Iowa Republican: Non-Christians Can Never “Be Good in the Divine Sense”

As we posted last month, Iowa legislators are considering a bill that would allow public schools to teach classes on the Hebrew Scriptures and the New Testament so that students would learn about their influence on “law, history, government, literature, art, music, customs, morals, values, and culture.”

On the surface, there’s nothing wrong with that. The Bible does influence our culture and, if it’s taught objectively, this could be worthwhile. But these classes are rarely taught properly and the intentions of the politicians promoting the legislation are far from neutral. They want to promote Christianity.

“This country was founded by God-fearing, Bible using people,” said Iowa Rep. Larry Sheets, R-80, one of the bill’s architects. “George Washington said it himself, that this country can only work if people are righteous.”

Sheets is wrong to say that the Founding Fathers were all religious. Even most of the religious ones wouldn’t recognize the faith today’s Republicans practice. But according to Iowa State Daily, Sheets went even further in explaining why students needed to be indoctrinated in his personal faith:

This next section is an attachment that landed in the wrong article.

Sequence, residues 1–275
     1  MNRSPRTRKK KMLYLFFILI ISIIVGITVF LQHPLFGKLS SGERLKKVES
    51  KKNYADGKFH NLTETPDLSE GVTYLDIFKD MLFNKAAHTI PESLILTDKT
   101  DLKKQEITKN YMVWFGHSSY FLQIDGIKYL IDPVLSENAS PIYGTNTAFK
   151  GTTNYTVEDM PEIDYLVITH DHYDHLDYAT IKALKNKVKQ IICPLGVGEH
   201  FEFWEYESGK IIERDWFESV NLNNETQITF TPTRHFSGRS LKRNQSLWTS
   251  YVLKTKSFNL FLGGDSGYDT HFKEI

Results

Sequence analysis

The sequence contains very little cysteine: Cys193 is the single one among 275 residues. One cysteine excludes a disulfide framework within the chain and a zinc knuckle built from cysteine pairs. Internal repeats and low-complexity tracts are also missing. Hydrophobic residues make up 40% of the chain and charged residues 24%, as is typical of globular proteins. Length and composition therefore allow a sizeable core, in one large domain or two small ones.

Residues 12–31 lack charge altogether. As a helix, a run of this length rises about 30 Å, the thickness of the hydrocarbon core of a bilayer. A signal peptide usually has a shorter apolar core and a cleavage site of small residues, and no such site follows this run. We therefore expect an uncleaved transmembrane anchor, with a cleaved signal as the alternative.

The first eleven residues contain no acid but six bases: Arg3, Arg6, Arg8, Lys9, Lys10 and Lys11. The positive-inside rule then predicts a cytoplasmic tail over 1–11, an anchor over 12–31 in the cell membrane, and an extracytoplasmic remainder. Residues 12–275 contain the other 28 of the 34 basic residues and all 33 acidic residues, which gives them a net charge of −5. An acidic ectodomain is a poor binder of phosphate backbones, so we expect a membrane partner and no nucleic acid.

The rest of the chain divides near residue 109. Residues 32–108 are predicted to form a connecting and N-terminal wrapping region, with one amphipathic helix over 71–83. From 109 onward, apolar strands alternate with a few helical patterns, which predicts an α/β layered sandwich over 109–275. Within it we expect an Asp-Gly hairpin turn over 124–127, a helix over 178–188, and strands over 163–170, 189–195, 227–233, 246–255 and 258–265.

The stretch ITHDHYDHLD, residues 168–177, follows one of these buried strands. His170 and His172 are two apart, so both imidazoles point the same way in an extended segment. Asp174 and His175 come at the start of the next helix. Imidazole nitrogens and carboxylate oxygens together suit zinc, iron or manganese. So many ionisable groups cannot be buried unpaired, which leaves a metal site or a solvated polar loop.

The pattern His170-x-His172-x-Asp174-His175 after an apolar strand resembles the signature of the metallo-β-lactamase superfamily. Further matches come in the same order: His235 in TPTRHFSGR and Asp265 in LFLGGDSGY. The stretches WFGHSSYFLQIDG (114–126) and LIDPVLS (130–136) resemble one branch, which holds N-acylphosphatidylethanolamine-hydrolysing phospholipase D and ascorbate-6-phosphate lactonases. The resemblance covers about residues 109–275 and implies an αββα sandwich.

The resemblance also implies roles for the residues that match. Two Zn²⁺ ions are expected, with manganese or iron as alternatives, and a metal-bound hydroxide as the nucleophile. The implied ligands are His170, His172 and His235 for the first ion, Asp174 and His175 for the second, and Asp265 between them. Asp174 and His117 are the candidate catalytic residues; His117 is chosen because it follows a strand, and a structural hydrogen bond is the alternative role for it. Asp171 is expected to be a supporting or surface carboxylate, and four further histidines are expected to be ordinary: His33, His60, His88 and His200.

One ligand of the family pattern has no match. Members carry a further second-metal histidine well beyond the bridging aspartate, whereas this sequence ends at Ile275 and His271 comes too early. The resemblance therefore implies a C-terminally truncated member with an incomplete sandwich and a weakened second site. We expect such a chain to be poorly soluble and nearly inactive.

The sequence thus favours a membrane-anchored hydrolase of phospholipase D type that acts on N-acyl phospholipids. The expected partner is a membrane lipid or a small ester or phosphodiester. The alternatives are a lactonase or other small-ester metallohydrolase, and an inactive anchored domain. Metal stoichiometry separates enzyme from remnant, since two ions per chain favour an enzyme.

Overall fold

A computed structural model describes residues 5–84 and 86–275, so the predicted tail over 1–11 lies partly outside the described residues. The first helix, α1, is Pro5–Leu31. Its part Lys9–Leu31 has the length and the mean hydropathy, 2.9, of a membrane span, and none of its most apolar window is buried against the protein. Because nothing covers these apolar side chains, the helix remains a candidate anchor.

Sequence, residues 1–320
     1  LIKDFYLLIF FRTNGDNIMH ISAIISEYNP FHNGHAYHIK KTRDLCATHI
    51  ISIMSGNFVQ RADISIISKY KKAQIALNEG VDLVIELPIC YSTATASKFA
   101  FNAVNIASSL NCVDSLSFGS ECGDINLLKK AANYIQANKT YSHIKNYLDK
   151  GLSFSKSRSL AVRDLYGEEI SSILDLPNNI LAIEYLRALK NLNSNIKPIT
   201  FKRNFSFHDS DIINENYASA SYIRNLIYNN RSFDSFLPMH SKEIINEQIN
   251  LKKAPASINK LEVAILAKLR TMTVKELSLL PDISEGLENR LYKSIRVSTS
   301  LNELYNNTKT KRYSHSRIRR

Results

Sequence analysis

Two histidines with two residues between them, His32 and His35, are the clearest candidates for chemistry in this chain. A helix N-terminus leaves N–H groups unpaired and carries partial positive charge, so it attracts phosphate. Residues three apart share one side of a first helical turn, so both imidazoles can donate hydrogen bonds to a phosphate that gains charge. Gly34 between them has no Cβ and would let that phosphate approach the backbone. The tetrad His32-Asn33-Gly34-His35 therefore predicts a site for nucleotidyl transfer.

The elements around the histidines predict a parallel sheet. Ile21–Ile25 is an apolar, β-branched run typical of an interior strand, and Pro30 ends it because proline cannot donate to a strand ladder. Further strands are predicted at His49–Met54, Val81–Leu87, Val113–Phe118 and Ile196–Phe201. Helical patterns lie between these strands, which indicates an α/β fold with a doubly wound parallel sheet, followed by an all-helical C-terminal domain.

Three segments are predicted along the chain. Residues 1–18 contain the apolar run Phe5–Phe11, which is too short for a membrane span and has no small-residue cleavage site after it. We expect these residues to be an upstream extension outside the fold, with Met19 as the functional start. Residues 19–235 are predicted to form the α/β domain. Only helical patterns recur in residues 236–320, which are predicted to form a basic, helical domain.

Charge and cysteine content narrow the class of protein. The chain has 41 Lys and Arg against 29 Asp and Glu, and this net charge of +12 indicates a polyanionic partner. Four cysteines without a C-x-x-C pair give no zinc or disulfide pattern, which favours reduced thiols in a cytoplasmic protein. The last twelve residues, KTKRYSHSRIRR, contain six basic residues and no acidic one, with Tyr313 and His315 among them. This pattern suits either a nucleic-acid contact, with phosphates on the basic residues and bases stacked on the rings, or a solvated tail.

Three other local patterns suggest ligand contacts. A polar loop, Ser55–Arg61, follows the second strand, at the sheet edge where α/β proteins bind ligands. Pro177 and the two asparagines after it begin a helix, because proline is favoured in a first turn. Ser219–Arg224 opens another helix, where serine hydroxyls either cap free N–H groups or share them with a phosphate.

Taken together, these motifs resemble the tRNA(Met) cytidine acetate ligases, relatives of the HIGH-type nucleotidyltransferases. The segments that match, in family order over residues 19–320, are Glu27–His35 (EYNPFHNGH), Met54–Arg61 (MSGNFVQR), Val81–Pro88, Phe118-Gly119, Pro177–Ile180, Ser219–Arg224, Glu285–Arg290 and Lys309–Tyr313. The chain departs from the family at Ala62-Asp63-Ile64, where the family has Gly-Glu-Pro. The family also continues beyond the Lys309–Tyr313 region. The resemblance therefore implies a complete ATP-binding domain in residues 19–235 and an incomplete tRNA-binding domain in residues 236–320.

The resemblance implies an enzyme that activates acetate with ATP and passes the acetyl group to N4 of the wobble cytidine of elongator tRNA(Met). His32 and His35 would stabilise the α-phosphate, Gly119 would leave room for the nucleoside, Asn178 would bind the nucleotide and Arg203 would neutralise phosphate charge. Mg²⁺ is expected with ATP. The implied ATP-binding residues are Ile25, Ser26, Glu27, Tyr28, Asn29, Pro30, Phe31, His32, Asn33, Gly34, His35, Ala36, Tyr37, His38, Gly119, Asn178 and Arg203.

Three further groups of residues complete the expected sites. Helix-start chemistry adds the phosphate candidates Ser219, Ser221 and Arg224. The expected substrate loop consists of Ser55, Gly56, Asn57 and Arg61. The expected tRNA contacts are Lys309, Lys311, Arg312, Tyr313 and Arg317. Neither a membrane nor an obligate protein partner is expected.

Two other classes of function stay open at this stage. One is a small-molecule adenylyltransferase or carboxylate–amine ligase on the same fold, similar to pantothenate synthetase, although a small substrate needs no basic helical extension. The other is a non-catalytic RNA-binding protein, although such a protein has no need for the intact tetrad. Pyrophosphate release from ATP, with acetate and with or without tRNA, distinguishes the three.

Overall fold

“Truly righteous people only need ten commandments,” Sheets said. “If people aren’t Christian, I’m sure they can be good neighbors, but I don’t think they can be good in the divine sense.”

There’s part of that statement that’s technically true: People who aren’t Christian can’t be considered “good” under the rules of Christianity.

But that’s totally not what he meant. Sheets was clearly saying people who aren’t Christians might seem good on the surface, but they can never be truly good human beings unless they embrace the Ten Commandments. Because anyone who works on the Sabbath, makes an idol, curses, or covets is the absolute worst.

(I assume Donald Trump gets a pass on everything. Having the letter R after your name serves as a “Get Out of Christian Jail Free” card.)

Professors oppose the bill because they consider it an inefficient way to offer religious education. They know it’s a form of indoctrination. But it’s not like Sheets and his colleagues care about what educated people have to say. Their goal is to convert students; thinking critically about the Bible would only get in the way of that.

(Screenshot via YouTube. Thanks to Brian for the link)

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